I flushed and walked over to the sink; the cold water ran over my hands, then I lead some in my mouth and splashed it in my face. My hands were freezing and stiff when I wiped the water off my face.

Only then I raised my head and opened my eyes. I’m not sure what I was looking for, maybe whether my hair was wet. But I didn’t even notice my face. I only noticed the woman behind me.

I whirled around, grabbed a shaver to defend myself.

“Who –“

There was no one behind me.

I ripped the shower curtain back, looked around the room and finally turned back to the mirror.

She was smiling back at me. She was standing behind my mirror image and smiling at me.

I stumbled backwards, threw a stack of towels off the shelf. My mirror image did the same. The woman stood next to my mirror image. But she didn’t look at my mirror image, she looked at me. Her smile turned into a grin.

Then she stepped forward. My mirror image was still in the same position as before; still pressed against the wall just like me.

The woman stepped closer to the glass. She looked familiar and at the same time as if I had never seen her before.

Her features were those of Dana – but her expressions were wrong; her smile wasn’t Dana’s, her eyes weren’t Dana’s, not even the small wrinkles in the corner of her mouth were Dana’s.

“Who are you?” I asked.

She moved her lips. I didn’t hear a thing.

For a moment I felt my body pulling forward; felt a strain on my arms and chest and head. Then it stopped.

I was still in the same place, in the same position, confused and mesmerized.

But I think my mirror image had pushed himself away from the wall. I only saw her lips; I only saw her mouthing the word “Future.”

She said other things; I didn’t understand what she was trying to say. But I think my mirror image heard it; he heard what she said.

I’ve never seen myself when I’m angry. And never in my life have I hit a woman.

I saw her screaming and falling on the floor; I saw how he jumped on her chest; I saw how his fingers closed around her neck.

I screamed at him to stop, but he didn’t.

She tried to beat and grab his face, but she did not manage to do more than break his skin before her hands fell to the ground.

He held onto her throat; then he got up. He kicked her body – the head, the chest – and stepped on her arms and hands.

Then he looked at me and smiled.

I felt myself being pulled; felt my body moving to where he was in the reflection; I stemmed my feet against the ground, grabbed hold of a shelf – but he just stepped to where my reflection should have been. He smiled for a moment, then he stemmed his feet against the ground and grabbed hold of a shelf.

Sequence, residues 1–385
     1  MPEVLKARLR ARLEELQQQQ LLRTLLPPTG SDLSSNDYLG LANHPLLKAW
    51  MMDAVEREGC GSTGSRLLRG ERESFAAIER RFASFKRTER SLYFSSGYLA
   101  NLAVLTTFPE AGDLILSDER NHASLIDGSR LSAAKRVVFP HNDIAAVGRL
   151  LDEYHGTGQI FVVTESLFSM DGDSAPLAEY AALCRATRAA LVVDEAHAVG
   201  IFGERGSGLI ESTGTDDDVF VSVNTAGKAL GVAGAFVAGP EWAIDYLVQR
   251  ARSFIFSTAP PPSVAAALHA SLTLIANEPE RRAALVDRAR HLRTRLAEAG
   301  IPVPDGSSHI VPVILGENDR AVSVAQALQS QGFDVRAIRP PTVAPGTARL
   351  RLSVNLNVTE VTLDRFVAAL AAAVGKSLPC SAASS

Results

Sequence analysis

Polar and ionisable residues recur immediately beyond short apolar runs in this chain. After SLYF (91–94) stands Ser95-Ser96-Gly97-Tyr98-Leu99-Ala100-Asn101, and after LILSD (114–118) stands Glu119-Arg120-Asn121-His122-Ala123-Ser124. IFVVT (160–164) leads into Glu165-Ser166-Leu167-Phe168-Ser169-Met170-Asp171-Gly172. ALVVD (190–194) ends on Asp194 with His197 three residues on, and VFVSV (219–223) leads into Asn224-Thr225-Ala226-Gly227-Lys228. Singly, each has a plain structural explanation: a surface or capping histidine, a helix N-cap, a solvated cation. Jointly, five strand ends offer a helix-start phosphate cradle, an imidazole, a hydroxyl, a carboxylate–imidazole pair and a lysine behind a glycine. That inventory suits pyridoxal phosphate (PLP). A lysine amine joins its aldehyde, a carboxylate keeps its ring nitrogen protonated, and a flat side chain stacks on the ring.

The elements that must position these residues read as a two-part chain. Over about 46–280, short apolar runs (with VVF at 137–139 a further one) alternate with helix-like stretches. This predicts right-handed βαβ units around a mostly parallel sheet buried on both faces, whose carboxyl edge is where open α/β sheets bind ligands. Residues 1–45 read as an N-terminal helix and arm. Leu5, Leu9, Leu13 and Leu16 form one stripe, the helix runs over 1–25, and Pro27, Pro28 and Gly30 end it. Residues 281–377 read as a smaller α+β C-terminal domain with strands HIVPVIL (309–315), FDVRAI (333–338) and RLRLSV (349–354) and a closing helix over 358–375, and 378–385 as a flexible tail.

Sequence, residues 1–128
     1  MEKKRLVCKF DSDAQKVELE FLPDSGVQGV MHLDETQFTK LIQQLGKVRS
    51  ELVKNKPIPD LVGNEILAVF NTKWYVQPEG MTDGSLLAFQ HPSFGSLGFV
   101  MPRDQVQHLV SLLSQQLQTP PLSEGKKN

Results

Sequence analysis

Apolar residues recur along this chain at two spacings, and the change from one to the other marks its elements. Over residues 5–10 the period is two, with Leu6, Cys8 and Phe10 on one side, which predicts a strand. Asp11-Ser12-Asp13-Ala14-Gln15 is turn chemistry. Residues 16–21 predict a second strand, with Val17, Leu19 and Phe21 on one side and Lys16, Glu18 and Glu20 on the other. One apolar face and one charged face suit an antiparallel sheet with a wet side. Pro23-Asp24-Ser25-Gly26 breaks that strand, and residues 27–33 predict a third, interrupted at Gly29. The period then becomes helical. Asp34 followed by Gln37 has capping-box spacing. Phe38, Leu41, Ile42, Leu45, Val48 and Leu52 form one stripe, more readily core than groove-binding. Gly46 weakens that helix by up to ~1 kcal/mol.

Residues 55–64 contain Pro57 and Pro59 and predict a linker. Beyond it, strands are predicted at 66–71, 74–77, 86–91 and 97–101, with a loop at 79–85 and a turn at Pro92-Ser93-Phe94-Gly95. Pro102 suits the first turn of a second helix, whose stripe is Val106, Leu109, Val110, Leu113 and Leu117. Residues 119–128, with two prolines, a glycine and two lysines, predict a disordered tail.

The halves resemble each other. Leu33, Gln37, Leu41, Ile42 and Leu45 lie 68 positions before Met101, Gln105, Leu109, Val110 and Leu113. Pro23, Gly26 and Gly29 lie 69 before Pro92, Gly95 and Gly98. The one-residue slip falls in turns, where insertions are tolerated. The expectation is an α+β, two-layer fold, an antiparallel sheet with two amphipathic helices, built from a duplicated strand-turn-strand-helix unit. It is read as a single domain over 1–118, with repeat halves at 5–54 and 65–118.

The pull was gone.

I waited for him to move, but he didn’t – until I took a step. He stepped just like me, the same moment, the same movement. For a moment I had a feeling he was still smiling, but when I stared at his face he looked just like me.

The woman in the mirror was still lying on the ground with blood slowly forming a ring around her body.

I went to bed. I swore to drink less, if ever again.

I broke that promise the next day shortly before noon; when the phone call woke me up.

I listened to the deep voice explaining Dana’s murder. The phone call ended; the metal lid bent in my hand; I didn’t even take a glass.

The questioning took hours. I was the prime suspect; the door wasn’t broken – and only I and the landlord had spare keys – and the chat logs suggested a fight.

The security in my building saved me. The guard remembered helping me to the elevator; the tapes corroborated his statement. I, officially, didn’t remember a thing.

It’s been months now. Still, when I look in the mirror in my bathroom, I see the dark stains on the floor. It’s not an illusion, I’m sure of that, but it doesn’t show up on photos.

What worries me more are the scars; the scars are not like the blood on his pant legs and shoes that I can only see in the mirror in my bathroom.

No matter in which mirror I look; the scars are not just on his face; I can also feel them on mine.


This is my story, originally I published it on Reddit.

Autopilot

Gavin thoughtlessly picked on the bandages around his right arm.

“I’ve done this job for so many years, but I never experienced something like this.”

He used his left hand to brush the light brown hair out of his face.

“I’m sorry if I’m rambling random stuff. I just can’t get her face out of my head. Whenever I close my eyes, or whenever I lie down to sleep I only see her, staring at me with this anger. This strange woman, I mean, I know she is dead, but why do I need to keep seeing her face? It’s as if she’s haunting me.” Continue reading